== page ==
Bullying and harassment continue to be a challenge for the maritime industry

February 15, 2022

Working at sea is a masculine profession with a strong culture that values ​​practical experience. Photo by the University of Linnaeus

Women and minority groups are particularly vulnerable to bullying and harassment at sea. This is shown in a scientific article by Cecilia Österman and Magnus Boström from the Kalmar Maritime Academy at Linnaeus University in Sweden. More than half of women sailors say they have been subjected to it.

Working at sea is a masculine profession with a strong culture that values ​​practical experience. Work on board is characterized to a large extent by precarious jobs, high workloads and sometimes conflicting demands to work both efficiently and safely. This is a breeding ground for work environment issues that increase the risk of bullying and harassment in the workplace, but it can also lead to health issues and accidents, according to the article. .

Cecilia Österman and Magnus Boström’s article “Workplace bullying and harassment at sea: A structured Literary review”, published in Shipping Policyreports on a systematic review of the published scientific literature on bullying and harassment at sea.

Negative special treatment occurs in all types of workplaces and the causes can often be found in the organizational and social work environment. Common contributing factors include unclear roles, tasks and responsibilities, high workload and managers who often lack the knowledge, tools and time to work proactively with the work environment, according to the report. item.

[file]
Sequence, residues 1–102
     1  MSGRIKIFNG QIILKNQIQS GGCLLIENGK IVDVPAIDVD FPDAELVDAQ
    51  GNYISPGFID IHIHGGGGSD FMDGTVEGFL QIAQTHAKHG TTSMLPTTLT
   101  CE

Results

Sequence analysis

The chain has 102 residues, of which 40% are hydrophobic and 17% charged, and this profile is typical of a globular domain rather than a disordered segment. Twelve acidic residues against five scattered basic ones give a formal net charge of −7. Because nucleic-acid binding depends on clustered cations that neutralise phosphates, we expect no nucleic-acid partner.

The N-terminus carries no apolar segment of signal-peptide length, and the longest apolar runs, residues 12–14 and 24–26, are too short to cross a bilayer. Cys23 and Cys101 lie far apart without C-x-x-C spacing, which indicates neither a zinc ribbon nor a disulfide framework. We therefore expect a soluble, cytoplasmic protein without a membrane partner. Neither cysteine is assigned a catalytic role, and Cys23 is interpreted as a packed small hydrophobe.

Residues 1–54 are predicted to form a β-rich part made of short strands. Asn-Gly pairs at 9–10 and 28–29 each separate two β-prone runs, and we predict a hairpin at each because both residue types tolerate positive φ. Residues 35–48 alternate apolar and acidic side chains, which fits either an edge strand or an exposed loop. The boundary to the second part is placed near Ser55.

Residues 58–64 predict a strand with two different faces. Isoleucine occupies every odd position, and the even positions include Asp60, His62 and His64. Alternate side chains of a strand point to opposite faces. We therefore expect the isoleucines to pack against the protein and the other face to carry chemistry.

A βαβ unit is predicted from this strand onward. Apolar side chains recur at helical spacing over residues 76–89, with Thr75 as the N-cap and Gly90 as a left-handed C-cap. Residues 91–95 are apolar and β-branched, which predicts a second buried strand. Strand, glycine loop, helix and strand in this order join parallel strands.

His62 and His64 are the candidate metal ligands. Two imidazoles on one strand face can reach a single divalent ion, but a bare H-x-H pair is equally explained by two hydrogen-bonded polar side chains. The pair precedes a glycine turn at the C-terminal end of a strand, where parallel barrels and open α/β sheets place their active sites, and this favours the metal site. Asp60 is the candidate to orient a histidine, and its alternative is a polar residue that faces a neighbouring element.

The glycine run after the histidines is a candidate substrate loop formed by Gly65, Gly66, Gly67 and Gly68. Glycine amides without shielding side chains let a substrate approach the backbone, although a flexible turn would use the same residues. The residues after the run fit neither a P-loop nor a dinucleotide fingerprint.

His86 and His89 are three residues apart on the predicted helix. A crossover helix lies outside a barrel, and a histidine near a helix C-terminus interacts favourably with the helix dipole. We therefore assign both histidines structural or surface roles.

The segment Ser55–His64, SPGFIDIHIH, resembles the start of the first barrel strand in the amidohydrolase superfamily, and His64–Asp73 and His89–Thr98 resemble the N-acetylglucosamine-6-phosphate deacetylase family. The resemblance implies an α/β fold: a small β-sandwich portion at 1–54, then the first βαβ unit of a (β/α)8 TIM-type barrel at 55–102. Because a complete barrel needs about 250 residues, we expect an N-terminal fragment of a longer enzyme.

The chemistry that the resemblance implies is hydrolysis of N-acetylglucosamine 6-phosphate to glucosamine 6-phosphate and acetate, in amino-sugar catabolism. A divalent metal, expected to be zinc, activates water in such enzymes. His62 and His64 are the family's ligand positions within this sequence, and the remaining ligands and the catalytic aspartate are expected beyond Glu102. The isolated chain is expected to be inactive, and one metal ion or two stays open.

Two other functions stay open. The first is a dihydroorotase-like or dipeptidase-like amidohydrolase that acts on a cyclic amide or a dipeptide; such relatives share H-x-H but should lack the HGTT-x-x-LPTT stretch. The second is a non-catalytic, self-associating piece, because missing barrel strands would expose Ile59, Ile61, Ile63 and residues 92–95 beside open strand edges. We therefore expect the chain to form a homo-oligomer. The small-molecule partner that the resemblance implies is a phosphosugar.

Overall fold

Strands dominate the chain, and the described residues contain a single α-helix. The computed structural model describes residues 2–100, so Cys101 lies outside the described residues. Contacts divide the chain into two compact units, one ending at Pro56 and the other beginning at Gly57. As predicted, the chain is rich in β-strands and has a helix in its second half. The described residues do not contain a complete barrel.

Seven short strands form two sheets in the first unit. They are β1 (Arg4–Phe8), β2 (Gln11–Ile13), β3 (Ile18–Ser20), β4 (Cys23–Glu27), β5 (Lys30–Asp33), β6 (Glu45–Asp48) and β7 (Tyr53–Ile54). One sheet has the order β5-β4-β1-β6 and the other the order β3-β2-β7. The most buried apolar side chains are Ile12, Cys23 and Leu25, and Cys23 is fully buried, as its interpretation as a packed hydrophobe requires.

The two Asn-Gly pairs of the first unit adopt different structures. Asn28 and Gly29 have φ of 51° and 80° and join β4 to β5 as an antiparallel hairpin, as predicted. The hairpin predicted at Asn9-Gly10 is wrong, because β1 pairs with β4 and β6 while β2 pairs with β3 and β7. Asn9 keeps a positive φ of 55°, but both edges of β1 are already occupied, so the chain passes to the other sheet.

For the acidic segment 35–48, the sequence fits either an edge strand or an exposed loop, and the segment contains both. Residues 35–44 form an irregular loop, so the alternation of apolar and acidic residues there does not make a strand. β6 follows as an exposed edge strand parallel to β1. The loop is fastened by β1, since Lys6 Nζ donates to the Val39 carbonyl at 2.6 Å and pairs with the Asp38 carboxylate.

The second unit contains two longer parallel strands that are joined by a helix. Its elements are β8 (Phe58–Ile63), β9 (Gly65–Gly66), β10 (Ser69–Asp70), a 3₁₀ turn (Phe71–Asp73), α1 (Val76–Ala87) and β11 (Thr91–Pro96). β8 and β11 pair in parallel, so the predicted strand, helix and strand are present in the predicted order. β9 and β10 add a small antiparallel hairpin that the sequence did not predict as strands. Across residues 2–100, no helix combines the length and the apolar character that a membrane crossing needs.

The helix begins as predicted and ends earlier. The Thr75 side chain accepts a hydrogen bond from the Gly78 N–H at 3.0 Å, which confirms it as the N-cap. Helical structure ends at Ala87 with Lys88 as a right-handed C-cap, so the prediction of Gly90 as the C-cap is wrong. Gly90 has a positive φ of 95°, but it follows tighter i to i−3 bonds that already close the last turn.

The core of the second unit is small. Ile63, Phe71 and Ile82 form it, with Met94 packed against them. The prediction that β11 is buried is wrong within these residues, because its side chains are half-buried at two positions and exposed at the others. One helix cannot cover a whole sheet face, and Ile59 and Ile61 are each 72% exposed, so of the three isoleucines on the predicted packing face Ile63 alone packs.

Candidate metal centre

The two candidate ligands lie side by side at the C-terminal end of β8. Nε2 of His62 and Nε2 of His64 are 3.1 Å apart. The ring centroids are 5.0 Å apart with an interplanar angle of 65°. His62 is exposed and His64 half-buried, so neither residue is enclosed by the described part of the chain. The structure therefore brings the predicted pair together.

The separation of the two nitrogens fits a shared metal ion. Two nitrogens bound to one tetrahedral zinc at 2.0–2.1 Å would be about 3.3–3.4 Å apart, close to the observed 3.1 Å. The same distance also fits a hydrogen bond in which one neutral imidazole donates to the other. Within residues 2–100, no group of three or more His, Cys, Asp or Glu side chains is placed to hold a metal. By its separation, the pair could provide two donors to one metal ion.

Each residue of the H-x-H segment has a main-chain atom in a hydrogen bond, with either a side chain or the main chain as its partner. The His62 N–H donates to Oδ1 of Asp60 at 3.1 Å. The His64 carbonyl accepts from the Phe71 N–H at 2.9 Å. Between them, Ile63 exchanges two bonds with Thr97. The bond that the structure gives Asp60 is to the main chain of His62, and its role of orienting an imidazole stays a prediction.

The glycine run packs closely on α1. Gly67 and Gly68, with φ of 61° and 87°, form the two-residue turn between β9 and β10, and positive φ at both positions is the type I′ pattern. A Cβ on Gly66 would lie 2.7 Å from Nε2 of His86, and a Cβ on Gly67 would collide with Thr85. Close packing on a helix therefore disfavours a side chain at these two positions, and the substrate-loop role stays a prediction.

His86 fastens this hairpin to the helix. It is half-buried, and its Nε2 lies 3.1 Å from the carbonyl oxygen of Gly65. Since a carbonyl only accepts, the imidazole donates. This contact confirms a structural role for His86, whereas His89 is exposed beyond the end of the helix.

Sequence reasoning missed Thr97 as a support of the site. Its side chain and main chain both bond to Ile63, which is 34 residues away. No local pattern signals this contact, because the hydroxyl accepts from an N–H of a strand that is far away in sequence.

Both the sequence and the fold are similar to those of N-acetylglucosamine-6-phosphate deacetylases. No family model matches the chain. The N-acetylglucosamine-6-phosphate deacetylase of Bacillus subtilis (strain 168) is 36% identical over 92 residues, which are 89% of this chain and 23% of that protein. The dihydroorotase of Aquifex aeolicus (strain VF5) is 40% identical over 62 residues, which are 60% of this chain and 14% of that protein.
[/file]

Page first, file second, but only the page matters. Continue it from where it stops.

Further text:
“A contributing factor to the maritime industry being particularly at risk of workplace bullying and harassment is the blurred line between work and private life on ships where crew work and live together, often for long stretches at a time. This makes it even more important to have leadership and interpersonal relationships that work well in social settings,” Österman explained.

The article shows that not much has happened since the first study on the subject in 1995. Today, the number of people who are victims of bullying and harassment at sea varies between 8% and 25% of all seafarers and more than 50% of all female seafarers. These figures are not very different from those of the first studies on the subject, specify the authors of the article.

“Even though research on bullying and harassment at sea is receiving more attention, there is a general need for future research, and intervention studies in particular,” Boström said.

“Above all, the underlying causes of negative special treatment must be tackled to ensure that personnel at sea enjoy decent working conditions. Managers ashore and officers on board must have sufficient resources, ‘usable tools and enough time to be able to work proactively to reduce the factors that are the breeding ground for bullying and harassment in the workplace,” Boström said.

Cecilia Österman and Magnus Boström also produced ‘Ogilla läget’, a popular science brochure with advice on how managers and employees in the maritime industry can contribute to a good organizational and social working environment.

“We need to ask ourselves new types of questions to better understand working conditions on board. Given the expected future shortage of qualified personnel for the maritime industry, measures are needed to improve the recruitment of new personnel and to retain existing personnel. This is about protecting seafarers from bullying and harassment and safeguarding the well-being of all people at sea, regardless of age, gender, ethnicity or sexual orientation,” says the item.